Categories: Founder's Blog


Sam Bayer


What customers want in SAP ecommerce

A little over two years ago, b2b2dot0’s SAP B2B ecommerce service was christened with a single order for 685 products valued at $9490.85.  Since then we’ve grown to 13 B2B ecommerce websites and 10,000 registered users who have:

  • entered 100,000 orders valued at $185M
  • purchased 5.5 million products
  • executed 167,000 business goals (place order, check status, reprint invoice etc.)

Along the way we’ve learned an awful lot about what it takes to implement and support this level of ecommerce activity.  On the occasion of this second anniversary of that first order, I’d like to share some of our more important, and hopefully useful, insights with the community.

I’ve picked many of these items because at one time or another, people that we’ve spoken to thanked us for pointing them out to them.  I’ll organize them by things we’ve learned about Customers, Project Management & Operations.  Today’s post will focus on the Customer (because they do come first!).

Customers aren’t created equal.

  • They have varying roles and privileges.  For example, some of your customers aren’t allowed to see discounts (pricing conditions), while others should only be able to work with invoices. In fact, some don’t want to place orders at all, they just want to track them.
  • They have different usage patterns. You have power users that visit your website daily and casual users that show up infrequently.  Usability features that you implement for the power user befuddle the casual user and features that you implement for the casual user will probably annoy the power user.
  • They have different comfort levels with the web. Some of your customers love exploring new features on your website and others get stuck doing things the first (inefficient) way they learned to get the job done.
  • They speak different languages.  While English is universal, it isn’t the only language in the world that people enjoy doing business in.

The challenge is to be very explicit about what your customers look like and to cater to them as required.

Customers can handle the truth.

  • Real data in real time builds trust.  What do you have in stock?  What is my price?  When will I receive it?  What happened to the order I placed last week?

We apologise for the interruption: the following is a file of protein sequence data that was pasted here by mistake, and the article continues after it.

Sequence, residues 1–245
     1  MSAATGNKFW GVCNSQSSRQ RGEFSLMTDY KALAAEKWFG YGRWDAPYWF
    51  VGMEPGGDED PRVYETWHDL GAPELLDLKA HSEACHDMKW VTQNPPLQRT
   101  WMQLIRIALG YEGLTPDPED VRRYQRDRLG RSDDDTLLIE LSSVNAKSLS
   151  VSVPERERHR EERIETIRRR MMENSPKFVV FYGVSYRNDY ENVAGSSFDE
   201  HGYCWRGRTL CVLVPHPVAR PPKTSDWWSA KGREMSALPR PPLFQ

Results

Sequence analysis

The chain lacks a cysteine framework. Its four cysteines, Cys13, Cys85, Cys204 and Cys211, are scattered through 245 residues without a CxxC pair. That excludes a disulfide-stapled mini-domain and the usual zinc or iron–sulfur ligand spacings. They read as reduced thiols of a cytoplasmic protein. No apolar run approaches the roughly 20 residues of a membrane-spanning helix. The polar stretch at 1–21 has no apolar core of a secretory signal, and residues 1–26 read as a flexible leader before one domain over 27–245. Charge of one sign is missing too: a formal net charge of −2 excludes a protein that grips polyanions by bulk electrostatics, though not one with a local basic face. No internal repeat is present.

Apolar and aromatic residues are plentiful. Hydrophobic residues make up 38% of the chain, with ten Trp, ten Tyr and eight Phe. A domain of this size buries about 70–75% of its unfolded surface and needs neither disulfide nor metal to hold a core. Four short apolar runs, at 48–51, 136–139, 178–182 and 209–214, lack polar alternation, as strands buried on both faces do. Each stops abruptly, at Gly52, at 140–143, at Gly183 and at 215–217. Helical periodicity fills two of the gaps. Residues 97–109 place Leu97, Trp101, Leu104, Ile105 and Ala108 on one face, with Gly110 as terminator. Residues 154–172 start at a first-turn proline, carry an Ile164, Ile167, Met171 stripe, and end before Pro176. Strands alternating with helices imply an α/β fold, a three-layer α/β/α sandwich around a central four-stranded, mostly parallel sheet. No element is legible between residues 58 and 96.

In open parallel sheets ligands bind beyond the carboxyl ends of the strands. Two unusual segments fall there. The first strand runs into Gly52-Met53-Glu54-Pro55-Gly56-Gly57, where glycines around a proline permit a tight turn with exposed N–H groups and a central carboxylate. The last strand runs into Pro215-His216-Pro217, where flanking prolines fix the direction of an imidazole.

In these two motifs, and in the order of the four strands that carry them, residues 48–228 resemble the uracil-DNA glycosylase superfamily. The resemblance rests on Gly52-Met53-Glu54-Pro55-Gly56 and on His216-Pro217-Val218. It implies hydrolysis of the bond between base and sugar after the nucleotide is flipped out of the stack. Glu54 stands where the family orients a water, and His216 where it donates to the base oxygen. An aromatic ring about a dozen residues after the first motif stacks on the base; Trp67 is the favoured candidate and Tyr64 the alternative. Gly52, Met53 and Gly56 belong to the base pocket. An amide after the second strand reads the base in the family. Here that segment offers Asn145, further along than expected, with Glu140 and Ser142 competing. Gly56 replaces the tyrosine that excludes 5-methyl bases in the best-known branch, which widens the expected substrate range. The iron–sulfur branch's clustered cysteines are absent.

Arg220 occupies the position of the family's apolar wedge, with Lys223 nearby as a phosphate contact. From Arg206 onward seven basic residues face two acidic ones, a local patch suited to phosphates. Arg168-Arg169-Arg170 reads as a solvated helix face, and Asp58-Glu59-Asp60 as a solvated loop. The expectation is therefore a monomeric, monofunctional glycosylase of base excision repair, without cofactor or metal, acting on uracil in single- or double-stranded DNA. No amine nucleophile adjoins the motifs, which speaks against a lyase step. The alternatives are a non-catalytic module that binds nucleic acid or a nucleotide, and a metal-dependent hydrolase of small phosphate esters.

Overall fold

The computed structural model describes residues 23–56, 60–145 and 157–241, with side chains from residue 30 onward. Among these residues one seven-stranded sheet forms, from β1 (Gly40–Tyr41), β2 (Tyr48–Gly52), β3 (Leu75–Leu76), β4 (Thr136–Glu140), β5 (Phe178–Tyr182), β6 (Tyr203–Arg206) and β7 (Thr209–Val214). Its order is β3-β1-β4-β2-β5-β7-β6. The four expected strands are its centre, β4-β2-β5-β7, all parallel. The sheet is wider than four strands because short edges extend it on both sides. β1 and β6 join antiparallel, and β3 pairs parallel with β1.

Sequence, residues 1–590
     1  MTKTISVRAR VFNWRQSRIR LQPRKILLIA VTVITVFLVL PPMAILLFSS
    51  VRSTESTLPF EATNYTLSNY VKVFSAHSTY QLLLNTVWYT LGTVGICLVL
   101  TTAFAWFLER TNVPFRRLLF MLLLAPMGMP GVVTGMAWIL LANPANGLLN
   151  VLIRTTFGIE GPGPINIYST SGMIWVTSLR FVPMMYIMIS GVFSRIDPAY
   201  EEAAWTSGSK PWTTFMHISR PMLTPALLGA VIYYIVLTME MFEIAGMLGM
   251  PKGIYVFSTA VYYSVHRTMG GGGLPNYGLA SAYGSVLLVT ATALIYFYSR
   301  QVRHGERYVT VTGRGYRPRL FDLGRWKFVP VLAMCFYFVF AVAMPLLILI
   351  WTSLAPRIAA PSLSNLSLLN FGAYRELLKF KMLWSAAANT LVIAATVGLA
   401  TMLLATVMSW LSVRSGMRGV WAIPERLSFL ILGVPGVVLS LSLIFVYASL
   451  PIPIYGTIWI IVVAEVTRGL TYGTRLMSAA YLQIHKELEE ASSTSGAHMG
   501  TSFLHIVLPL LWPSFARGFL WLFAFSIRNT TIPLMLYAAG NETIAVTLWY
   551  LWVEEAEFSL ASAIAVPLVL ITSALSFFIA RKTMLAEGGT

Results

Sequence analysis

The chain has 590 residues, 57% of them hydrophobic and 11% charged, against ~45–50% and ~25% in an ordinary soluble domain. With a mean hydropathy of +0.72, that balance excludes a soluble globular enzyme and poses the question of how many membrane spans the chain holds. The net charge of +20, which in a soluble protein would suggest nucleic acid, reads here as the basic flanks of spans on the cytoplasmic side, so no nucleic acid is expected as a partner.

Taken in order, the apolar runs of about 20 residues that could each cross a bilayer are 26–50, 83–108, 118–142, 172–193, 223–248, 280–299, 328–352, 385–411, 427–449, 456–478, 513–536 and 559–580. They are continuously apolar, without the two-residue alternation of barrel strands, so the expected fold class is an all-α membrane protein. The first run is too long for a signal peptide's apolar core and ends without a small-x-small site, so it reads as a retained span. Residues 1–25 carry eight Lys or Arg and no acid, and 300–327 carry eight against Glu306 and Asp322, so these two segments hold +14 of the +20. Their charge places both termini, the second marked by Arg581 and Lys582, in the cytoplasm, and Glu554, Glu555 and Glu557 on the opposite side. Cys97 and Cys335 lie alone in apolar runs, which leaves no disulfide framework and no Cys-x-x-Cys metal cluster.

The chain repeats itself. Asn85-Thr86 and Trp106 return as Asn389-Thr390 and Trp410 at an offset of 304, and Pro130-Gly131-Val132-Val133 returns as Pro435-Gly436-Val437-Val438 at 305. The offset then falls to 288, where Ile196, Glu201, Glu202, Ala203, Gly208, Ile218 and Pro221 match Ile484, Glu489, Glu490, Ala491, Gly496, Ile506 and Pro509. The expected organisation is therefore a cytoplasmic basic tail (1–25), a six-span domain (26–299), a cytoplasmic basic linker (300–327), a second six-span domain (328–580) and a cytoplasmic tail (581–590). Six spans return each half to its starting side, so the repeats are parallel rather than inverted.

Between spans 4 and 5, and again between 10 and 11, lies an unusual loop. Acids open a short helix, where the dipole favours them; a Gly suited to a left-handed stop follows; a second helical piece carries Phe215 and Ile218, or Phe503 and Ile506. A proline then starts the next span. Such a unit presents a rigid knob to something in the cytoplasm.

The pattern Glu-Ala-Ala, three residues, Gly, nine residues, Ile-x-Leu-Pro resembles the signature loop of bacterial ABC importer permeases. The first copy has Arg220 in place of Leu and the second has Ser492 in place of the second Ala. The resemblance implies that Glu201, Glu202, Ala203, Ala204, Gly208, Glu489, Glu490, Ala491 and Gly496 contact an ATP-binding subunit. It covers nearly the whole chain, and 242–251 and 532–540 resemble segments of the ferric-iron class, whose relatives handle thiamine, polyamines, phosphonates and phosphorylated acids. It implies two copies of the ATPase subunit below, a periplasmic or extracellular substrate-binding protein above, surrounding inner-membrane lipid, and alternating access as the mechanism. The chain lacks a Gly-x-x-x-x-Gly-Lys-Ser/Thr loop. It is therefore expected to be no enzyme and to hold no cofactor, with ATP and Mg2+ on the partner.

While you may not be able to answer these questions perfectly when you
    launch your B2B ecommerce initiative, your goal needs to be to converge
    on providing this level of information as quickly as possible.
  • Trust leads to repeat usage.  If website users have to make additional calls to Customer Services to get the information they need to manage their business, they won’t be coming back to your website any time soon.
  • If you’re not able to provide this level of information, let them know why and what to expect in the interim.

Make it easy to communicate with you.

  • Surveys.  We’ve collected over 200 survey responses.  Some of them provided positive reinforcement for our efforts.  Other surveys pointed us in the direction of improving our training and education.  We’ve also received great ideas and reinforcement for our product road-map.
  • Issue tracking.  Real time integration with an issue tracking system is a very cost efficient way to manage the more time sensitive interaction with customers.   Besides, if you’re training your customer to go to the web to transact business with you, you should make every effort to have your website become a “one stop shop” for all interactions.  Some customers would prefer not to talk to you at all.

Form a Customer Advisory Group

  • This is probably the single most important thing you can do. I’ll discuss it more when I write about our Project Management lessons.
  • They will help you plan, test and refine your B2B ecommerce website.

B2B users by day are B2C users by night.

  • “B2C-like” usability is infiltrating the B2B experience.  Customers expect a simple and information rich experience when they come to your website.
  • There is a growing reliance on product information during the purchasing experience. Descriptions inform product selection while images can confirm them.  It won’t be long before reviews and ratings will also infiltrate the B2B purchasing process.

Change is difficult.

  • Your customers are used to doing business with you in a certain way.  Letting go of emails and phone calls might be hard for some and impossible for others.  Think about incentives, marketing, training and positive reinforcements to make the transition easier.  Of course the most effective approach we’ve seen has been the “mandate”.  But not all of our clients have been able to pull that one off in the competitive marketplaces that they operate in.
  • Almost 30% of our registered users require significant prodding to adopt the B2B internet channel.  Just because you built it, there is no guarantee that they will come to it.

My next installment in this series will focus on the Project Management lessons we’ve learned along the way to implementing our 13 SAP B2B ecommerce websites in 10 different countries around the world.


(from Prague, Czech Republic)

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